Each summer LA Dance Chronicle creates a listing of the upcoming dance season or series for each of the larger LA area venues. This year I noticed that the Los Angeles Ballet 2022-23 season had not been announced publicly or on their website in June as previously projected. Over the past years the company has consistently performed at The Alex Theatre in Glendale, CA., CAP UCLA Royce Hall in Los Angeles, The Dolby Theater in Hollywood, and at the Redondo Beach Performing Arts Center. Nothing is listed for LAB on any of those venues’ websites.
This delay in announcing a company’s new season could be caused by multiple reasons such as finalizing theater rental contracts, shift in repertory, or a change in staff. But while surfing through LAB’s website, I noticed that the names of the LAB founders Thordal Christensen and Colleen Neary, were no longer prominently placed AND even more newsworthy, they were listed on the “About LAB” page as Artistic Directors Emerita along with Executive Director Julie Whittaker who retired a few years ago. Checking the website just now, it still does not list any artistic director and currently says “Season Coming Soon.”
Founded in 2004 by Christensen and Neary, Los Angeles Ballet is the city’s only resident professional ballet company and one now recognized globally for its excellent staging of works by world-renown choreographer George Balanchine that include Agon, Concerto Barocco, Serenade, Stravinsky Violin Concerto, Divertimento No. 15, Prodigal Son, Who Cares?, and more. Additional very notable choreographers whose work has been performed by LAB include Christopher Wheeldon, Annabelle Lopez Ochoa, Aszure Barton, Alejandro Cerrudo, August Bourneville, Sir Frederick Aston, José Limón, Jiří Kylián, Sonya Tayeh, Christopher Stowell, Melissa Barak, Lar Lubovitch, Kitty McNamee, Thommie Walsh, Stacey Tookey, and Jennifer Backhaus. in addition to its annual Nutcracker, the company has mounted full-length ballets including Sleeping Beauty, Swan Lake, Giselle, and Don Quixote.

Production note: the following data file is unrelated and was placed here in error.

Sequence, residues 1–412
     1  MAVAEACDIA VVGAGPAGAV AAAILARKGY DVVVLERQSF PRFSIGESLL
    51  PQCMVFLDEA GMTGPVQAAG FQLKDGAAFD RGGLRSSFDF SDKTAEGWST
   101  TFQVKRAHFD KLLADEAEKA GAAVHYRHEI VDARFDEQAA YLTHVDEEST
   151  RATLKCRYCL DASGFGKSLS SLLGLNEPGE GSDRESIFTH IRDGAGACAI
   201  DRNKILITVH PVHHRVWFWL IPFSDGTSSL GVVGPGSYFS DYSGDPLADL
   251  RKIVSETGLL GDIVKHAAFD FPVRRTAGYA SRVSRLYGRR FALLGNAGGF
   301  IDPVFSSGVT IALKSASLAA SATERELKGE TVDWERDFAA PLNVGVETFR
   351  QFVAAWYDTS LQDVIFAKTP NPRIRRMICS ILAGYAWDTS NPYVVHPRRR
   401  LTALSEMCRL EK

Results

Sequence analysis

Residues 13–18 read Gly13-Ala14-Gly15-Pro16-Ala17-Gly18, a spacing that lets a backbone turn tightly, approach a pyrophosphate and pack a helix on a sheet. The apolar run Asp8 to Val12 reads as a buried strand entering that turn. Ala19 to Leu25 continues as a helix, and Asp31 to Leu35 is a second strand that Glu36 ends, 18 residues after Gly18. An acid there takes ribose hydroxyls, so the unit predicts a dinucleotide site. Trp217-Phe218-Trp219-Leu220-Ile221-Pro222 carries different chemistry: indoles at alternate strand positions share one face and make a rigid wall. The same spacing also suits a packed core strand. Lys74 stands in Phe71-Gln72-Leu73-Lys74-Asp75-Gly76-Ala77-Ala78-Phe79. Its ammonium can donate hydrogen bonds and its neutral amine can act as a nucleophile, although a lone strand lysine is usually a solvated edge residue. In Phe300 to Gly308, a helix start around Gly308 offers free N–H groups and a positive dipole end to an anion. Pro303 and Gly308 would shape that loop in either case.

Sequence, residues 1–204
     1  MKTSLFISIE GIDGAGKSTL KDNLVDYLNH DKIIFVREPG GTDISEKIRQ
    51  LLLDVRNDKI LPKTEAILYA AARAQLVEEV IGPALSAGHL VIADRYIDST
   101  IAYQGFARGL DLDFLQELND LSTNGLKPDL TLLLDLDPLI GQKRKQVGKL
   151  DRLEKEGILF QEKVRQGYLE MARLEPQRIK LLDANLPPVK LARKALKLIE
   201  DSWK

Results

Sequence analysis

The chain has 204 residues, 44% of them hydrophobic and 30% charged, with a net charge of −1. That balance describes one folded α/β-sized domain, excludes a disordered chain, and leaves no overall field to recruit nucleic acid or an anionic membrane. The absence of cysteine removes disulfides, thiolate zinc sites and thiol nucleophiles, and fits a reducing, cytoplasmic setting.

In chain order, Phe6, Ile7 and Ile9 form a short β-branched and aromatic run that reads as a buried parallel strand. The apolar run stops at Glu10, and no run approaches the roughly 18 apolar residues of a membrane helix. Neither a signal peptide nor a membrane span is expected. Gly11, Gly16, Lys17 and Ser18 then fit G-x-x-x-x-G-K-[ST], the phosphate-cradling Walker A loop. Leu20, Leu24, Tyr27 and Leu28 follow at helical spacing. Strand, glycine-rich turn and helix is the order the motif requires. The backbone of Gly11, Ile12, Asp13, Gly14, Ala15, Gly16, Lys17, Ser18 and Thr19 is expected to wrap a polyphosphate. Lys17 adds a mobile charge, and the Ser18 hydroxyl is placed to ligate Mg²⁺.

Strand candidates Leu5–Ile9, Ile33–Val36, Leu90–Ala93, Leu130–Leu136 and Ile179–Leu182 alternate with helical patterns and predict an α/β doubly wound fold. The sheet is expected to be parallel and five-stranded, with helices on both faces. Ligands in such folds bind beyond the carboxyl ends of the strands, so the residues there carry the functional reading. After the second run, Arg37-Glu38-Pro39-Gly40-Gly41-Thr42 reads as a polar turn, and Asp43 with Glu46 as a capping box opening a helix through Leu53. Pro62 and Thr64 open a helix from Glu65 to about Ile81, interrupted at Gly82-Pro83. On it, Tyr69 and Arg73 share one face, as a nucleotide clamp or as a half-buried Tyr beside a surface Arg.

Los Angeles has a growing list of smaller ballet companies with contemporary, often original choreography. Many include dancers who are alumni of LAB. In time, some might develop the heft to bring full length ballet classics and attract choreographers from Balanchine to Sonya Tayeh. This city is a destination for touring ballet companies but has a fraught history of failed efforts to establish its own thriving professional ballet companies including efforts involving the Joffrey Ballet and a prior Los Angeles Ballet led by John Clifford. Except for the Covid shutdown, for 16 seasons the Los Angeles Ballet under Christensen and Neary avoided the traps that doomed prior efforts.
To this writer, the signs, specifically the “emerita” listing, are strong clues of a change of Artistic Director(s) at LAB. Nothing has not been publicly announced. Calls and e-mails to the long-time press representative yielded minimum information and calls to the LAB offices received no response.
My sincere concerns and questions include: will the company still present the Balanchine works that played such a prominent role in building LAB’s reputation? Will the company continue to perform Christensen and Neary’s very popular version of The Nutcracker each winter season? Who will LAB hire as the new Artistic Director(s)? When did this shift in leadership take place, whose decision was it, and why now when the company is thriving? These questions are just a few of the ones I have about what is taking place at LAB.
LAB is a very important asset to dance in Los Angeles and beyond and one hopes that whatever decisions are being made or considered will produce only positive results.
To learn more about Los Angeles Ballet, please visit their website.
Written by Jeff Slayton for LA Dance Chronicle.
Featured image: Los Angeles Ballet in Annabelle Lopez Ochoa’s Bloom – Photo by Reed Hutchinson/LAB